3 Absolute Majority Versus Relative Majority and the Question of Preference Ranking

Besides proportionality, another critical point is the question of the majority needed to obtain a majority of the seats. This question arises in two aspects. On the one hand, does the party or coalition obtaining a majority of the seats garner a majority of the votes as well? On the other hand, does the electoral system give the possibility of preferential voting, thus enabling the so-called ‘Condorcet winner’ to win the election?

As to the first point, it has been a serious complaint against the Canadian system since 1921 that the winner does not need to receive an absolute majority, but only a relative majority of the votes. This is the consequence of the co-occurrence of the multi-party system and FPTP system, where the candidate may win the seat with a relative majority. In Hungary the disproportionality of the system also enables a government to be formed without having an absolute majority of votes cast.[33] We may state that, as far as the system is not proportional, there is always a chance that the coalition governs without the majority of votes.

The second point raises a more complex question. In categorical voting systems, voters cannot express their second, third, etc. preferences. With preferential voting, however, they can order their preferences, and it may lead to the avoidance of the so called ‘Condorcet paradox’, which can be illustrated with the following example.[34] Suppose that there are three candidates, A, B, and C. Forty percent of the voters have the preferential ranking of A-B-C, which means that they prefer A to B and C, and B to C. 35 percent have a ranking of C-B-A, and 25 percent have a ranking of B-C-A (see Table 3)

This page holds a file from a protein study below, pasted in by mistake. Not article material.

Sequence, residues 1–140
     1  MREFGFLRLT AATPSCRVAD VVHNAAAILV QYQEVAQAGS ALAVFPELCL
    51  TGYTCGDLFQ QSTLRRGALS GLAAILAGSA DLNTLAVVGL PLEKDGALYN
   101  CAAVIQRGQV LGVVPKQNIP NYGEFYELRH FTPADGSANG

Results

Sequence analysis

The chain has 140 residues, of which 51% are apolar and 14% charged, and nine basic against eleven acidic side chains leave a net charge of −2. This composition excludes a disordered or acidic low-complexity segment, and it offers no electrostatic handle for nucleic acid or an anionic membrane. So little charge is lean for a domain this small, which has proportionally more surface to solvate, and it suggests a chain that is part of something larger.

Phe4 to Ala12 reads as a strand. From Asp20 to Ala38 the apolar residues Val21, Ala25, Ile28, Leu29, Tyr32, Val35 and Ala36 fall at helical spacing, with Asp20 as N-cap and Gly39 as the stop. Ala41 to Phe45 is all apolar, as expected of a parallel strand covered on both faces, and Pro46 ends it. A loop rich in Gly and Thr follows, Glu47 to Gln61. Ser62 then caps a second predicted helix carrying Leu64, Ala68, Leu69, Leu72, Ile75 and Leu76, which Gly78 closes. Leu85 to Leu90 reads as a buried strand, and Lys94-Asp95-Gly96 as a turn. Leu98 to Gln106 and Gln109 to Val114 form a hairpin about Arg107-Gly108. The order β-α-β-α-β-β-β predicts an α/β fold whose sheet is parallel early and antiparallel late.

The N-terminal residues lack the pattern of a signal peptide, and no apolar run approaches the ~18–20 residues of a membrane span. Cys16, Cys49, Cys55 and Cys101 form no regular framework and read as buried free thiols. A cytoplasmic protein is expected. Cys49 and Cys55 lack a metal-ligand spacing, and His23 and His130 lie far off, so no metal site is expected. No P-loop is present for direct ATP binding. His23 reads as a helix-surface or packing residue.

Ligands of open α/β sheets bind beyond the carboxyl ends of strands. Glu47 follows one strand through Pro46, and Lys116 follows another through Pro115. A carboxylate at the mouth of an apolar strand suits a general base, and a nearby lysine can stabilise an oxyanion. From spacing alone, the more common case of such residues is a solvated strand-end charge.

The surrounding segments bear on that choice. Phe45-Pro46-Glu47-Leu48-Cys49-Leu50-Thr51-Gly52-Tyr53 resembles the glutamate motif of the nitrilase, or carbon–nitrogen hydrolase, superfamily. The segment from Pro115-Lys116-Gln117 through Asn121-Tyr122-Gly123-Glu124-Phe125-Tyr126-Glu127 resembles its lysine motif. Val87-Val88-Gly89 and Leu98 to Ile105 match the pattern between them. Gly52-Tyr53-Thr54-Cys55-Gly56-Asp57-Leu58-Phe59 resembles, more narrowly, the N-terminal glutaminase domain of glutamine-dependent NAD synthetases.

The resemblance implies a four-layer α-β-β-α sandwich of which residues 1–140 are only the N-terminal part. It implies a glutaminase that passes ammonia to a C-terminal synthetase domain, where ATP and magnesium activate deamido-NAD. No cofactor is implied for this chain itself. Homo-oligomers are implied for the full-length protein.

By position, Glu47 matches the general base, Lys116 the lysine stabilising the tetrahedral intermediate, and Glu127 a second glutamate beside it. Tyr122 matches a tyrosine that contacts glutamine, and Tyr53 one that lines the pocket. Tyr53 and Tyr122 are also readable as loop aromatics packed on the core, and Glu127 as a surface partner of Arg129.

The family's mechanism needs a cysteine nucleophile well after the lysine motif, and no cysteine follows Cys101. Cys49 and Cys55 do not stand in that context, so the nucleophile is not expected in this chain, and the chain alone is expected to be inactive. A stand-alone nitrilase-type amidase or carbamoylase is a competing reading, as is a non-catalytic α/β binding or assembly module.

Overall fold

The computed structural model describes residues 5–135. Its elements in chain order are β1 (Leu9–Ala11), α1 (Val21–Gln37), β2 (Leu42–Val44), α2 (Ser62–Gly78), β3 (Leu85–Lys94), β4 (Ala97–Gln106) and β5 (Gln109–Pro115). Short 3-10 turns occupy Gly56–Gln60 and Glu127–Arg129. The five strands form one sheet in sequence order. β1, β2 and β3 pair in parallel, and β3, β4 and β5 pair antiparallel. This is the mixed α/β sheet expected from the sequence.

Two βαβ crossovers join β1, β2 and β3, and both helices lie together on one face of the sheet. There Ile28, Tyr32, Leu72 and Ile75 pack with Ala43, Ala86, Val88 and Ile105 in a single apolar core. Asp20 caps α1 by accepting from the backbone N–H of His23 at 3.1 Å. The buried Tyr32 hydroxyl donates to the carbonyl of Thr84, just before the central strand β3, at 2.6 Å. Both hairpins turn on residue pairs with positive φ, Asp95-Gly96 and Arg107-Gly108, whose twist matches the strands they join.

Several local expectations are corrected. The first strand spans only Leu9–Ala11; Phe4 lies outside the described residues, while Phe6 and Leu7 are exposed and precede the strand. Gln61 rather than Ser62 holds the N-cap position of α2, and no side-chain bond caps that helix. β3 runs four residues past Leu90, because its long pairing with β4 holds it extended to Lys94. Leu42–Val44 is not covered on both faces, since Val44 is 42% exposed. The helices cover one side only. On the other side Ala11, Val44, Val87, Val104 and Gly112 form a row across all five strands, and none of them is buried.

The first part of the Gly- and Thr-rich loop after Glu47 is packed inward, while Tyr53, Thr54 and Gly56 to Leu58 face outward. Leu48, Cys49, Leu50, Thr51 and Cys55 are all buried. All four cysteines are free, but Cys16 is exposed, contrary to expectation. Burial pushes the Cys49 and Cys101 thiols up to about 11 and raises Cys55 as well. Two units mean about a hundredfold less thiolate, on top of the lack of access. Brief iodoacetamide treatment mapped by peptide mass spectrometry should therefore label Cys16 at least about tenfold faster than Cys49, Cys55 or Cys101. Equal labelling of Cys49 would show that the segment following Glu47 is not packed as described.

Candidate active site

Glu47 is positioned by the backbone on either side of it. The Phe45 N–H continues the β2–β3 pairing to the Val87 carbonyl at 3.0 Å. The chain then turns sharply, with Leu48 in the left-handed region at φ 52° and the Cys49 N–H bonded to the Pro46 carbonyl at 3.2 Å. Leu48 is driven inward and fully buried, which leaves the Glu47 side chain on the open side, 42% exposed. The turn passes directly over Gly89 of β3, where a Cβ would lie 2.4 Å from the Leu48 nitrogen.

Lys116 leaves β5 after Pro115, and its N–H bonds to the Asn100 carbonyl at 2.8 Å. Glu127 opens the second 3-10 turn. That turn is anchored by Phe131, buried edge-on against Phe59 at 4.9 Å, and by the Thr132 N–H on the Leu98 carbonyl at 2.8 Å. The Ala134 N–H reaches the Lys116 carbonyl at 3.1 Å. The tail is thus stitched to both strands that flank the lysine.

Table 3
Proportion of voters Candidate preferred in first place Candidate preferred in second place Candidate preferred in third place
40 percent A B C
35 percent C B A
25 percent B C A


In a simple FPTP system without a preferential vote A wins, as she garners the most votes. But, as a matter of fact, A is the ‘Condorcet loser’, as she is defeated by both B and C if we consider how many voters preferred B or C to A, 60 percent (35 plus 25 as can be seen in the third and fourth rows) of the voters preferred B to A, while only 40 percent of the voters preferred A to B. It is the same with C. In this case, B is the Condorcet winner, as 65 percent of voters preferred her to C, while only 35 percent preferred C to B.

This example shows that, without preferential voting, it may occur that that candidate whose opponents were the least preferred wins the seat. This may cause disturbances in both the Canadian and Hungarian system.[35] As to the latter, it is to be noted that before the reforms in 2010, with the two-round voting system in the single constituencies, voters could express their second preferences, and this could lessen the chance of the emergence of a situation like that described above.[36] In the new system, however, with the one-round voting there is no chance that second preferences could prevail in this way.